# NAT/Private networks
ApisCP will attempt to auto-detect your public IP address during installation. This process may fall short if the server is behind a firewall or on a private network.
When assigning IPs on a private network always use the internal IP address in the pool and external (public IP address) as the DNS proxy address.
# Reference tables
|apnscp_ip4_address||Set namebased IPv4 address pool.|
|apnscp_ip6_address||Set namebased IPv6 address pool.|
|storage/opcenter/namebased_ip_addrs||Set namebased IPv4 address pool. "\n" delimited.|
|storage/opcenter/namebased_ip6_addrs||Set namebased IPv6 address pool."\n" delimited.|
|[dns] config.ini tunables||cpcmd scope:set cp.config dns x y|
|my_ip4||IPv4 address ApisCP will report for remote access.|
|my_ip6||IPv6 address ApisCP will report for remote access.|
|proxy_ip4||Override address used to provision A DNS records.|
|proxy_ip6||Override address used to provision AAAA DNS records.|
|Scopes||cpcmd scope:set dns.x y|
|ip4-pool||Array of IPv4 addresses to serve web sites.|
|ip6-pool||Array of IPv6 addresses to serve web sites.|
|ip4-proxy||Public IPv4 address. Overridden by dns,proxyaddr|
|ip6-proxy||Public IPv6 address. Overridden by dns,proxy6addr|
# Assignment process
apnscp_ip6_address in apnscp-vars.yml to assign default IP addresses. If these values are unset, then
ansible_default_ipv6.address are used respectively. These values can be examined using Ansible:
ansible localhost -m setup | grep -B10 -A10 'ipv'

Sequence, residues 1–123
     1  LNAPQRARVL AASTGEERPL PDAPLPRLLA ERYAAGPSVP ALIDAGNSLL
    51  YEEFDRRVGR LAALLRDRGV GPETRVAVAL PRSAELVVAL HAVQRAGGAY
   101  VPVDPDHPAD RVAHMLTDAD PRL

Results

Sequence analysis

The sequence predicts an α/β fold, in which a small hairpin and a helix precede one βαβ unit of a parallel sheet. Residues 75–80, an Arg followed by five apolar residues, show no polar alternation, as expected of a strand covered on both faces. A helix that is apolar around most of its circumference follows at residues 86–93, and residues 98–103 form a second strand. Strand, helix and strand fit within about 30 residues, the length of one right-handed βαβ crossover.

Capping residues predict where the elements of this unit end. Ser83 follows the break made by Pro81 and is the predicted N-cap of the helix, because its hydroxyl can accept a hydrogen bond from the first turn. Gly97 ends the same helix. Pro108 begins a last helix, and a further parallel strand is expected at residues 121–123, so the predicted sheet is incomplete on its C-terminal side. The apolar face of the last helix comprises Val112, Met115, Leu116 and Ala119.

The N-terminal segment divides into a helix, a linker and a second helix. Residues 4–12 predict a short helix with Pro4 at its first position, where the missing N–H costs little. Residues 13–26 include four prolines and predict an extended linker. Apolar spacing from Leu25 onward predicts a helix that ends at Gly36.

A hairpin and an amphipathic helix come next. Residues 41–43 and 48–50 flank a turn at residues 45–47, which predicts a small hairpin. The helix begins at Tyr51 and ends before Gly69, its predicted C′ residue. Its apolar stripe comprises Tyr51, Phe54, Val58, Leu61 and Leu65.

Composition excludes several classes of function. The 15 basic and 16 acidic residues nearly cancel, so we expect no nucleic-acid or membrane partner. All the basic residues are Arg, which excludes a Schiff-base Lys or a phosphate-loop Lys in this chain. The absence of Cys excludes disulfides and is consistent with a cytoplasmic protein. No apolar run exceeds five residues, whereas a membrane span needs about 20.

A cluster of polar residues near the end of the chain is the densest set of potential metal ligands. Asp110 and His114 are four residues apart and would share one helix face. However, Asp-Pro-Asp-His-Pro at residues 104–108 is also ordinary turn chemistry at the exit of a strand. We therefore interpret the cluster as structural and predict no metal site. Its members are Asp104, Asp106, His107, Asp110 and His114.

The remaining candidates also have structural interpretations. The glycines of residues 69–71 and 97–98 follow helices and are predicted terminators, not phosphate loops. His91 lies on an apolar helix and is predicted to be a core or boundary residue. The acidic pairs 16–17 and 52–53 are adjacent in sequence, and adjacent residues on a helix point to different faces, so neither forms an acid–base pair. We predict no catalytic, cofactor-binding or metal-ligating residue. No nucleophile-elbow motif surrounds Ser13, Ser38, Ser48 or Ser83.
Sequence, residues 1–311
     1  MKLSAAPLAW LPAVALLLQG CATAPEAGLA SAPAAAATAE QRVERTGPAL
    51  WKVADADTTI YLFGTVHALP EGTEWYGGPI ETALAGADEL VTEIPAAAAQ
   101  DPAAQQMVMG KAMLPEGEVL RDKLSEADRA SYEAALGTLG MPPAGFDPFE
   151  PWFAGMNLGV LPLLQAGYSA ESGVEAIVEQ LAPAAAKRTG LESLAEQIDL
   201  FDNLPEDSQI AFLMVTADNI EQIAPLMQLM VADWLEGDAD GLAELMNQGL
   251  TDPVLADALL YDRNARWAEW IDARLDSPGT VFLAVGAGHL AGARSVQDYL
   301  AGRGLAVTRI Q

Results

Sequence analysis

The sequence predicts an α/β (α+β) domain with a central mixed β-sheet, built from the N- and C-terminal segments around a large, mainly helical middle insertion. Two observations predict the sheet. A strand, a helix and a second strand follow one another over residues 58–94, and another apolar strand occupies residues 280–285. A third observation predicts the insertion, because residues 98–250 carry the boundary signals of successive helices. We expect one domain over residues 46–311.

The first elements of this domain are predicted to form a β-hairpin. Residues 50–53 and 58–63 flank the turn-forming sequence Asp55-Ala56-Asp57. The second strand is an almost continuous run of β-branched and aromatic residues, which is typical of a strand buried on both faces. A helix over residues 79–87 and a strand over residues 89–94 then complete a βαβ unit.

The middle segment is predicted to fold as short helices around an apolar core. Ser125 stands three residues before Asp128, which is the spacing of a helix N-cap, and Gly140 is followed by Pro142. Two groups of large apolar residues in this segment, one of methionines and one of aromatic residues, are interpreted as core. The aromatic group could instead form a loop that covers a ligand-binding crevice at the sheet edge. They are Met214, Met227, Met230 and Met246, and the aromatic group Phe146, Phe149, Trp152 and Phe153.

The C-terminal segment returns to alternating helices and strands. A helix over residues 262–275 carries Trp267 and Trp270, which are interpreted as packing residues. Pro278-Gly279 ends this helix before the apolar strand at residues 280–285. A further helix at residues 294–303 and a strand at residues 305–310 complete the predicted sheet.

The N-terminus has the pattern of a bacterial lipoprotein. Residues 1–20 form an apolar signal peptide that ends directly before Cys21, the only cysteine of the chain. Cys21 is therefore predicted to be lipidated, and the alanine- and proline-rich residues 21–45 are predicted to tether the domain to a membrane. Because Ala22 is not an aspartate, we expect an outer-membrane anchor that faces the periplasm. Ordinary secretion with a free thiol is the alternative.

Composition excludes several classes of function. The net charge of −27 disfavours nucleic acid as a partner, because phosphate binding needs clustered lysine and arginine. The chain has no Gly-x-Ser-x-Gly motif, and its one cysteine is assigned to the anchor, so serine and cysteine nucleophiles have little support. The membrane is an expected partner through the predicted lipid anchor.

These IP addresses are stored in
/usr/local/apnscp/storage/opcenter, each entry delimited by a newline ("\n"). All domains created within apnscp are assigned IP addresses from this list.
apnscp/bootstrap(opens new window) role is the task responsible for this process.
Theses files are neither recreated nor modified unless removed from server or altered directly.
The IP addresses stored in
namebased_XX_addrs are used to populate the addresses Apache will listen on. Adjustments are made in
/etc/httpd/conf/httpd-custom.conf based upon addresses listed within the pools.
apache/configuration(opens new window) role will modify
httpd-custom.confif the addresses change.
- Changing pool addresses will not reassign addresses already assigned to sites. This must be done manually.
EditDomain -c ipinfo,nbaddrs=['new.ip.add.ress'] domainis the easiest means to accomplish this.
The IP address stipulated in
ipinfo6) will be used unless
proxy_ip6) is specified or
proxy_ip4 has the special value "DEFAULT". If the special value "DEFAULT" is used, then the config.ini setting [dns] =>
proxy_ip6) will be used respectively for public DNS.
- The proxied DNS value (